A strange combination of sci-fi imagination and low-tech wizardry has made all of Michel Gondry’s feature films and music videos unique unmatched experiences. The French director always manages to find a cheeky wonder in the ordinary, be it Legos transformed into a rock band or a painful breakup eased by memory-erasing technology.
In Be Kind Rewind Gondry turns to one of his most ordinary subjects yet, a dejected video store in dingy Passaic, New Jersey, and uncovers his most whimsical and accessible film. A comic fable with a story straight out of an early-90s childrens’ comedy, Be Kind Rewind hitches Gondry’s avant garde visual trickery to a heartwarming tale about the magic of small towns and filmmaking. The intellectuals may miss the boldness of his earlier work, but Gondry’s latest is too well-meaning and imaginative not to love.
Mos Def stars as Mike, a sweet, shy guy who has worked all his life at Be Kind Rewind, the video and junk store owned by his surrogate father Mr. Fletcher (Danny Glover). He reluctantly pals around with Jerry (Jack Black), who works at the junkyard down the street and holds a strange vendetta against a nearby electrical plant. On the weekend when Mr. Fletcher leaves town to research other video stores in nearby New York that have switched to DVD, Jerry becomes accidentally magnetized when an attempt to sabotage the electrical plant goes wrong. As soon as Jerry steps into Be Kind Rewind, he accidentally erases all the tapes in the store.
Batty neighbor Miss Falewicz (Mia Farrow) is taking calls from Mr. Fletcher each night to keep him up to date on the store, so when she asks Mike and Jerry for a copy of Ghostbusters, they panic. Unable to get another copy, they decide to reshoot it themselves—“I’m Bill Murray, you’re everybody else,” Jerry tells Mike—figuring she’s never seen the original anyway. Their version takes place entirely in the local library and is 20 minutes long, but when some of the thuggish guys in the neighborhood get a look at it, they want more.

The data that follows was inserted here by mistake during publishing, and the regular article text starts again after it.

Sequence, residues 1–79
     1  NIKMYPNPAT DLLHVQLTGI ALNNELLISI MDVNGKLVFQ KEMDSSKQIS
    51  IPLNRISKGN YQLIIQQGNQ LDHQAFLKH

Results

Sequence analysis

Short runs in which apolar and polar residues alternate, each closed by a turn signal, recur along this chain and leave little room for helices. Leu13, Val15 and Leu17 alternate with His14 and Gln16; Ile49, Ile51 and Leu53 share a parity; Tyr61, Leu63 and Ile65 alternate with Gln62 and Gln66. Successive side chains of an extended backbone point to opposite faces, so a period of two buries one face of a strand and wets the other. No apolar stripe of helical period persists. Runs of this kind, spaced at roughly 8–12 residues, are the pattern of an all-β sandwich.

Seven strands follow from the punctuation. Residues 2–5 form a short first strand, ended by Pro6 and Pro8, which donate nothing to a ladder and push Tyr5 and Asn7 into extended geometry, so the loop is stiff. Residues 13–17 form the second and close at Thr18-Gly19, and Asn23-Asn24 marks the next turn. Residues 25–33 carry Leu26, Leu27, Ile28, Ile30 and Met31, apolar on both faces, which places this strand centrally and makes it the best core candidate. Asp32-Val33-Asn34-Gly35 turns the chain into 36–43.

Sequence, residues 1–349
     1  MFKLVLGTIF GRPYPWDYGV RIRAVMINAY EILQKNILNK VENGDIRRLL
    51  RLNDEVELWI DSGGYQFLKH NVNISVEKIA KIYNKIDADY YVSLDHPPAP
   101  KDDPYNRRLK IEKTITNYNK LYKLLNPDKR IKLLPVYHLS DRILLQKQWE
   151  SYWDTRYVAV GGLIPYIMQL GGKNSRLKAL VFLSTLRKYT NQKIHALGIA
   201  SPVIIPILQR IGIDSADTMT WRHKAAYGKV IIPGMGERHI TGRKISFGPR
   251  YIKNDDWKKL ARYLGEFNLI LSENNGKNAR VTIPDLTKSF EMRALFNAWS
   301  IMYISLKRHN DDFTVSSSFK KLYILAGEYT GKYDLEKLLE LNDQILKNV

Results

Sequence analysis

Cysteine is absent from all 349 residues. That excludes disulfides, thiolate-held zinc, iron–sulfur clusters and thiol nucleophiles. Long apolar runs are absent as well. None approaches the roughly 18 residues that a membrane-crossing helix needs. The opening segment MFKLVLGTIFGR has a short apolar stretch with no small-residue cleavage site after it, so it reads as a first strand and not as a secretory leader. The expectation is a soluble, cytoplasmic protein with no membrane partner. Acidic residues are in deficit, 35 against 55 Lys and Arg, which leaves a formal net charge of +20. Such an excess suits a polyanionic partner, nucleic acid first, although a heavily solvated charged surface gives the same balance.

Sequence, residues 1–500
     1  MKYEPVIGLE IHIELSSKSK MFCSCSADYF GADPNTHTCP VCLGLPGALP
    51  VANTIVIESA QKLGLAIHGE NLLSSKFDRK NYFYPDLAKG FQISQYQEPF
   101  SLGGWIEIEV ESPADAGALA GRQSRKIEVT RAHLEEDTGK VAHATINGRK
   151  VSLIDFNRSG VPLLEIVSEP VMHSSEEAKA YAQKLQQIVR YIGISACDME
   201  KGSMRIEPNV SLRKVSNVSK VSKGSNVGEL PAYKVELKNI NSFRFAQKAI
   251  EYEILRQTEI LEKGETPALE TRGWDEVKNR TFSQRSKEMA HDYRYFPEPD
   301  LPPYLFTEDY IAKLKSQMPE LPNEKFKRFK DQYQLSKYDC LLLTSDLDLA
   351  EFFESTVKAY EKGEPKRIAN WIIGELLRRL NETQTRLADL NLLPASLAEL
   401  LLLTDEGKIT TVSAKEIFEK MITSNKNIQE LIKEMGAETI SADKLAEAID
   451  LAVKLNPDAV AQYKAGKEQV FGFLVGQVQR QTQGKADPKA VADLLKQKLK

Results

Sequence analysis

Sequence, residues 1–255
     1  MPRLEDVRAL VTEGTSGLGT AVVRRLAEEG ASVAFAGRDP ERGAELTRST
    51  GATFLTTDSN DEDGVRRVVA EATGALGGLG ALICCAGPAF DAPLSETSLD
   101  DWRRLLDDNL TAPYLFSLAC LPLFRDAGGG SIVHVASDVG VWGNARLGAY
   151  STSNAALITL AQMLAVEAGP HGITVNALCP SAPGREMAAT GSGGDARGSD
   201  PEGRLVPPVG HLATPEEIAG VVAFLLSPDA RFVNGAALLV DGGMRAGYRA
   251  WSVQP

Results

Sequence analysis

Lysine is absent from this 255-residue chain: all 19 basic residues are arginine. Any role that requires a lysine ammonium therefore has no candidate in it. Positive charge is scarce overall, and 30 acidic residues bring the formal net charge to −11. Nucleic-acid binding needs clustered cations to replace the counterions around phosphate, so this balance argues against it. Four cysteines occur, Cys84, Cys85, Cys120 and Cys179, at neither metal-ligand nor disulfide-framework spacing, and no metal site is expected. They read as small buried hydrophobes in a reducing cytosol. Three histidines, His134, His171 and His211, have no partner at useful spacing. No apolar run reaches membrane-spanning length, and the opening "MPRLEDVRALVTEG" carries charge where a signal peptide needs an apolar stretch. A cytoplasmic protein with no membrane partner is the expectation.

Jerry makes up the term “sweding” for what they do to films like Rush Hour, King Kong and even 2001: A Space Odyssey, establishing a miniature local film industry with the help of a dry cleaner employee (Melonie Diaz) and neighborhood residents. The fun is interrupted, though, by the classic bigwigs in suits, who want to tear down Be Kind Rewind and build a cleaned-up downtown area. Mike decides that, to save the neighborhood, they will band together to make a movie about Fats Waller, the jazz musician who is Mike’s hero.
The idea of a downtrodden town saving itself through the power of movies is hokey enough to make anyone cringe, but the cast jumps in with such aplomb that you miss out on the fun if you don’t play along. Mike and Jerry’s home movies are hilarious as well as visually amazing; a montage of the filmmaking process is as breathtaking in its complexity as it is silly. Mos Def is genuine and appealing as the beleaguered Mike, and Black it up about five notches as Jerry, bringing his usual mania to a role that actually calls for it this time. They’re helped greatly by veterans Farrow and Glover as well as the rest of the large cast, which includes I’m Not There phenom Marcus Carl Franklin as well as dozens of Passaic residents.
It’s surprising that seeing Jack Black in a tinfoil space suit or a bad Afro wig would make you believe in the power of cinema, but Be Kind Rewind champions moviemaking by reminding us of the universal thrill of being behind and in front of the camera. Not everyone gets to watch their home videos on a screen with all their neighbors, but especially in an era of YouTube filmmaking, we all know the joy of watching tiny versions of ourselves move around on a flat surface. Add in some special effects and zingy one-liners, and you’ve got Mike and Jerry’s sweded movies.
Be Kind Rewind has none of the achy melancholy of Gondry’s last few efforts, but more of the gee-whiz ingenuity of his music videos, a genre well-suited to his tendency toward style over substance. It’s a sweet and simple story that aims to be no bigger than it is, a shaggy dog fable about dreams, community, and the transformative power of even the worst movies.